“Exquisite Corpse” and “Main basse sur la ville” by Francesco Rosi, are released in theaters

Rosi, a Neapolitan filmmaker, was the great man of the “film-dossier” in Italy. With, it must be said, more or less happiness. The double recovery in the room this week proves it. battery side, Exquisite Corpse (1976), adapted from Leonardo Sciascia, yet considered a great Rosi, turns out to be quite starchy, even though its paranoid and ghostly structure produces excellent moments of cinema. In Naples, a police inspector (Lino Ventura) still believing in his country’s judicial system is in charge of an investigation into a series of murders targeting judges. As it progresses, he comes up against the moral corruption and diffuse Machiavellianism which deeply plague the Italy of the years of lead, in all parties and all institutions, his own included.

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Beyond the courage of its subject, this film, “europudding” before the letter, seems to fall from the planet Mars. Alain Cuny, Max von Sydow, Fernando Rey, Marcel Bozzuffi, Charles Vanel, Lino Ventura, all dubbed in Italian – with the exception of Ventura, who speaks it, and Vanel, who dies before speaking – seem wander around as simple visitors in a plot so suffocating and twisted that the spectator ends up losing his footing.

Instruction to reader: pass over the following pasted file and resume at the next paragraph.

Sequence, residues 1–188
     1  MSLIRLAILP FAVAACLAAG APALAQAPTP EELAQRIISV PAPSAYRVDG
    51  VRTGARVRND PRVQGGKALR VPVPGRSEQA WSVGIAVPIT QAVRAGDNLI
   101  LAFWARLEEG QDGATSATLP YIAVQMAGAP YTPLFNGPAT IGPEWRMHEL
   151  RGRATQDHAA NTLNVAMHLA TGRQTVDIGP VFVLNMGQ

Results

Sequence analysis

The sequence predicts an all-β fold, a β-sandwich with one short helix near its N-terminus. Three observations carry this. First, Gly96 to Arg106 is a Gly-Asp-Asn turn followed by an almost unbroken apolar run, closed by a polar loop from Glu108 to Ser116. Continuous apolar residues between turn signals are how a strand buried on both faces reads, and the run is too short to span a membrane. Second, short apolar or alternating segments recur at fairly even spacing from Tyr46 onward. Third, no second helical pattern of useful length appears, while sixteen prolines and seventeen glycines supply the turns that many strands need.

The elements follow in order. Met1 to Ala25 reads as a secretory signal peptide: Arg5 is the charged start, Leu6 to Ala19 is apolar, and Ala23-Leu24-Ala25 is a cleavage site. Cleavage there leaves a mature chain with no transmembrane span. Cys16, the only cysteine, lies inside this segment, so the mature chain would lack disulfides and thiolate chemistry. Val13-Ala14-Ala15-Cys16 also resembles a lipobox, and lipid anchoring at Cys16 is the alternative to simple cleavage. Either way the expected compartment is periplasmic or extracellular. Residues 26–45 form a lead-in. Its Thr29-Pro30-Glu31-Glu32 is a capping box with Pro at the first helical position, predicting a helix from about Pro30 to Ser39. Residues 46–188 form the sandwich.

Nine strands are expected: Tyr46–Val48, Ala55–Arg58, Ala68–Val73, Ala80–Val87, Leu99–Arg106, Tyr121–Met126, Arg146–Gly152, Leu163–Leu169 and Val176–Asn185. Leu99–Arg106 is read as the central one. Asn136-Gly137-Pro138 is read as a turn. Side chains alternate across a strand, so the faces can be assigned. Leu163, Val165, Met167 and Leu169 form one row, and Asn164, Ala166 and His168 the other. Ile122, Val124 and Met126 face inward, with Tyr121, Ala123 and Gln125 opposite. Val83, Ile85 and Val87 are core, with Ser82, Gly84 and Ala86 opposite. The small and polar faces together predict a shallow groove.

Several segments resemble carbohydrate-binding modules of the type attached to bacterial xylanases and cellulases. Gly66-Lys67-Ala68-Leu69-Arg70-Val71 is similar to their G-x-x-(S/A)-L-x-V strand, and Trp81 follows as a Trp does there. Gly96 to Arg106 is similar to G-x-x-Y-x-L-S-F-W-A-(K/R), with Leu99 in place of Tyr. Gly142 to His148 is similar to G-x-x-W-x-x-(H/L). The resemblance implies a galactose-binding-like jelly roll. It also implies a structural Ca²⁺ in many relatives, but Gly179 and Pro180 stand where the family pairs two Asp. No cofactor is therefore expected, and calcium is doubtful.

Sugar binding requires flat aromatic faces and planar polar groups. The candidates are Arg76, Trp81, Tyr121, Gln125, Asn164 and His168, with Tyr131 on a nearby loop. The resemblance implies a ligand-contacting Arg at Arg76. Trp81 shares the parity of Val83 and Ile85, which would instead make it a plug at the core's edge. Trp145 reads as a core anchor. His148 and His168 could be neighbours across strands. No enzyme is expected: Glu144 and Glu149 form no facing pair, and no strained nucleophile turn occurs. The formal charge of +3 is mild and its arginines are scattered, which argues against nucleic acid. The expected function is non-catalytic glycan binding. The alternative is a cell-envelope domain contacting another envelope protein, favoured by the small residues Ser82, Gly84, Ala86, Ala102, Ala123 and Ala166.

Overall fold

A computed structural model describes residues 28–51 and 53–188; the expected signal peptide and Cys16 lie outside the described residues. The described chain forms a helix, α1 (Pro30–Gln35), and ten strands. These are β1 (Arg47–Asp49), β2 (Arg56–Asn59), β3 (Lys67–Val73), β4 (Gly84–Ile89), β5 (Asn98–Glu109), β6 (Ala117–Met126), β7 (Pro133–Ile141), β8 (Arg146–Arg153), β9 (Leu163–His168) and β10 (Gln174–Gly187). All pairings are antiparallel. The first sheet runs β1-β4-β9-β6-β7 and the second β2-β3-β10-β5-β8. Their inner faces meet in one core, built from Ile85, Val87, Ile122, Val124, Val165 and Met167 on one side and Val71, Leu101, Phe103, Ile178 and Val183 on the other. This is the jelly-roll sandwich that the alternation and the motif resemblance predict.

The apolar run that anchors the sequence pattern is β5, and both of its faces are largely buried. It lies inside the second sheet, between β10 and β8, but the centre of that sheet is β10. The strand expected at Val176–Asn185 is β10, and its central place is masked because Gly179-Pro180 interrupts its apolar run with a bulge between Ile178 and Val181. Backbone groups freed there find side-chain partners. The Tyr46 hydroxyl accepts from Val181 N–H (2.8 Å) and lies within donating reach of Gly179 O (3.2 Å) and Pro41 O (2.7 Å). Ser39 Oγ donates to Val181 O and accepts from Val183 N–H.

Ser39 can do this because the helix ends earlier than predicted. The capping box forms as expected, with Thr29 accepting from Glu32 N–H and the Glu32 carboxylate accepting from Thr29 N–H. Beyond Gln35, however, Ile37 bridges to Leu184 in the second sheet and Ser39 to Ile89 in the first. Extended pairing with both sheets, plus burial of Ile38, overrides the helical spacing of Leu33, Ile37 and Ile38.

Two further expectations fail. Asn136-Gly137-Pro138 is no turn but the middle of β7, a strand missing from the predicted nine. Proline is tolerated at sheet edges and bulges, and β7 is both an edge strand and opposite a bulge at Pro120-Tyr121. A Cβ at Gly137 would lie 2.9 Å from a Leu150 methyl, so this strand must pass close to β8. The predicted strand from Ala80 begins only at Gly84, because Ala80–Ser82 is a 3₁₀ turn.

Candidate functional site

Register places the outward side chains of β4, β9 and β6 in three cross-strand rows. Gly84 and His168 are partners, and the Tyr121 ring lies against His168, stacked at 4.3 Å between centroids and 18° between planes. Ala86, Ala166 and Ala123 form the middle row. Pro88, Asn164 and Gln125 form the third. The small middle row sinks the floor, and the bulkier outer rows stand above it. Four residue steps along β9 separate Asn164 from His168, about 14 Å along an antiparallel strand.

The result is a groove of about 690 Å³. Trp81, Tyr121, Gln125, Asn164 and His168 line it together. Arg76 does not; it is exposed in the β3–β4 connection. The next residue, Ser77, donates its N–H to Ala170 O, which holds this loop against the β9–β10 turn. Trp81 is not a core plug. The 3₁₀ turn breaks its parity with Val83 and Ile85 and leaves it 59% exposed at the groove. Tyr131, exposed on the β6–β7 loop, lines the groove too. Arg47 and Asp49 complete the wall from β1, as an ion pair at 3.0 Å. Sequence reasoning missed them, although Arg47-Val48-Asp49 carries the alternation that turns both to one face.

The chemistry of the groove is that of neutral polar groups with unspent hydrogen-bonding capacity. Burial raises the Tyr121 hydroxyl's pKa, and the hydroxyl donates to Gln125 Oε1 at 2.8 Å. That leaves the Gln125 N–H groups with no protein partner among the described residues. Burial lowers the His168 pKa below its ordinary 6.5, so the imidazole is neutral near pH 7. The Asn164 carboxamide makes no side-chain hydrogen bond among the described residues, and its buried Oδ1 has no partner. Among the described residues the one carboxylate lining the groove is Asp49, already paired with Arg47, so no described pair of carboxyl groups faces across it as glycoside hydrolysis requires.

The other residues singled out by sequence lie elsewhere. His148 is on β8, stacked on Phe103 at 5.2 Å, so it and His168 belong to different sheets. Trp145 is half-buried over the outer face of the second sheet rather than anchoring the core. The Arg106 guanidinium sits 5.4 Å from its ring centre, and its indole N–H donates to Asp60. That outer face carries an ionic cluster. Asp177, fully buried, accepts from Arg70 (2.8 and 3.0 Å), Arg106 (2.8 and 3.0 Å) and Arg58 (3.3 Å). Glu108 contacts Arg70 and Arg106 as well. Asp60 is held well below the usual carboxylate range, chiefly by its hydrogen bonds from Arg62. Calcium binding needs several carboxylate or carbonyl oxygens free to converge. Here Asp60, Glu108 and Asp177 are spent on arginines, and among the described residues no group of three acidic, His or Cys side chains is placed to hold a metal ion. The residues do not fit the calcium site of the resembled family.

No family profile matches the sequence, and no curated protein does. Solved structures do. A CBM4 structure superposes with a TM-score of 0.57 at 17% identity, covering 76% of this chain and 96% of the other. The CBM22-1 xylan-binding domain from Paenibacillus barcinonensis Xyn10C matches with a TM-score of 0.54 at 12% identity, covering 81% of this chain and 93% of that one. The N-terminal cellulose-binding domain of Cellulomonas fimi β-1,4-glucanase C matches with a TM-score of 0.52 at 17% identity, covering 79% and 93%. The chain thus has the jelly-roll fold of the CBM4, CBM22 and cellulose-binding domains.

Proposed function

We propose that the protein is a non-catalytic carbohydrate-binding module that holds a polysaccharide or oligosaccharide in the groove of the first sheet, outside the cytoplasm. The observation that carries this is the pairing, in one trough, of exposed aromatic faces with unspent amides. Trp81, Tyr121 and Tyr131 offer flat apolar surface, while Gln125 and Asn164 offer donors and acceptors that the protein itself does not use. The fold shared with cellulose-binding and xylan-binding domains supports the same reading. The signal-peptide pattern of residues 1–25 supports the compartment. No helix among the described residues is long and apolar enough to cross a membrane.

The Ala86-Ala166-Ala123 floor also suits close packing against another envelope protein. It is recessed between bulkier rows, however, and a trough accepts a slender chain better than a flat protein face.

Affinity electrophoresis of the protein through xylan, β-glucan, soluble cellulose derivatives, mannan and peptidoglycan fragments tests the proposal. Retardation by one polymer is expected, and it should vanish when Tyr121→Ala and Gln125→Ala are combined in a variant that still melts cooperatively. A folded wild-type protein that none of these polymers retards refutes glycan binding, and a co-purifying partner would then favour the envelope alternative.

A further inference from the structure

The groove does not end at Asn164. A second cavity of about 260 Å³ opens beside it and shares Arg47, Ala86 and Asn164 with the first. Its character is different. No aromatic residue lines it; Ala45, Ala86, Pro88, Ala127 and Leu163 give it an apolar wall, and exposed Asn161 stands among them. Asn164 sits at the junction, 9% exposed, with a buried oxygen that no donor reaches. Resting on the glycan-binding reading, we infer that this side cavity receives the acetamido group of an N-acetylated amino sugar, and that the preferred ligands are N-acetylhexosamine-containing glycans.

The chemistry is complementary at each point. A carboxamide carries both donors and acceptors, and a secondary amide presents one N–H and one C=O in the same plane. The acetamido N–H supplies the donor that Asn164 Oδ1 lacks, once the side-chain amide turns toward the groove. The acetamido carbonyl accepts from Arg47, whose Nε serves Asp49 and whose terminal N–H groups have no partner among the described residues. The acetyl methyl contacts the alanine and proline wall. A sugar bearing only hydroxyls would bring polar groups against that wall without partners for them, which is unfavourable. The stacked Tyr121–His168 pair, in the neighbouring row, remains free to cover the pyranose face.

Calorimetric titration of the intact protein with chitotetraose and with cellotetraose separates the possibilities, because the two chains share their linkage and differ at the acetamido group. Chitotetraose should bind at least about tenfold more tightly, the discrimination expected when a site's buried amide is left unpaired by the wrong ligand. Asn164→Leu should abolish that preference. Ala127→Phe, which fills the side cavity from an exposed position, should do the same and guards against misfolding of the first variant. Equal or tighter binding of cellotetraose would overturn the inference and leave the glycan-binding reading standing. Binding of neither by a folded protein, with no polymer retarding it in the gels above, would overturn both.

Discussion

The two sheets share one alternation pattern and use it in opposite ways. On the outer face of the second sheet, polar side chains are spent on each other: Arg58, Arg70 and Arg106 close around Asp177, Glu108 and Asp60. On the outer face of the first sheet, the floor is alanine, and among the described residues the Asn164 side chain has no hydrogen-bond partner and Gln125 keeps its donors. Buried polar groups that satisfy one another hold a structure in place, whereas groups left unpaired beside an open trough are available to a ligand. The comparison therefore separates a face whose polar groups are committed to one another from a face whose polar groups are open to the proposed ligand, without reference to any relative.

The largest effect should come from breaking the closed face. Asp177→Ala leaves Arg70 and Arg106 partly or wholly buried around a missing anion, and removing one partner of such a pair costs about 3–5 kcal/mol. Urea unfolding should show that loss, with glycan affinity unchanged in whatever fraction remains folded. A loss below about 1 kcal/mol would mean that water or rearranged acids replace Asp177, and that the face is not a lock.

Hands down on the city (1963), which pinpoints, fifteen years earlier, the concussions of the economic boom, is of another magnitude. At its center, the so-called Nottola, a crooked real estate entrepreneur played by the brilliant American Rod Steiger. Which, by giving the order to destroy a dilapidated building in old Naples, collapses the adjacent building, for lack of compliance with safety standards. The scandal immediately reflects on the town hall, where Nottola, fortunately, is also a municipal councilor, a member of the right-wing majority in power. Alongside this embarrassing incident for the authorities, the re-election of the mayor is on the agenda.

An impressive expressive force

The film also follows in parallel the appointment and the work of a commission of inquiry supposed to find out the truth about the accident, and the feverish maneuvers which oppose the parties present for the conquest of the town hall. What Rosi demonstrates is that the two parts of his film are, in truth, closely linked. Naples, a city heavily bombed during the Second World War, was, in these post-war years, an open-air construction site. The opportunities to get rich quickly and massively are colossal, real estate speculation is going well, inducing a shameless collusion between public power and private enterprise.

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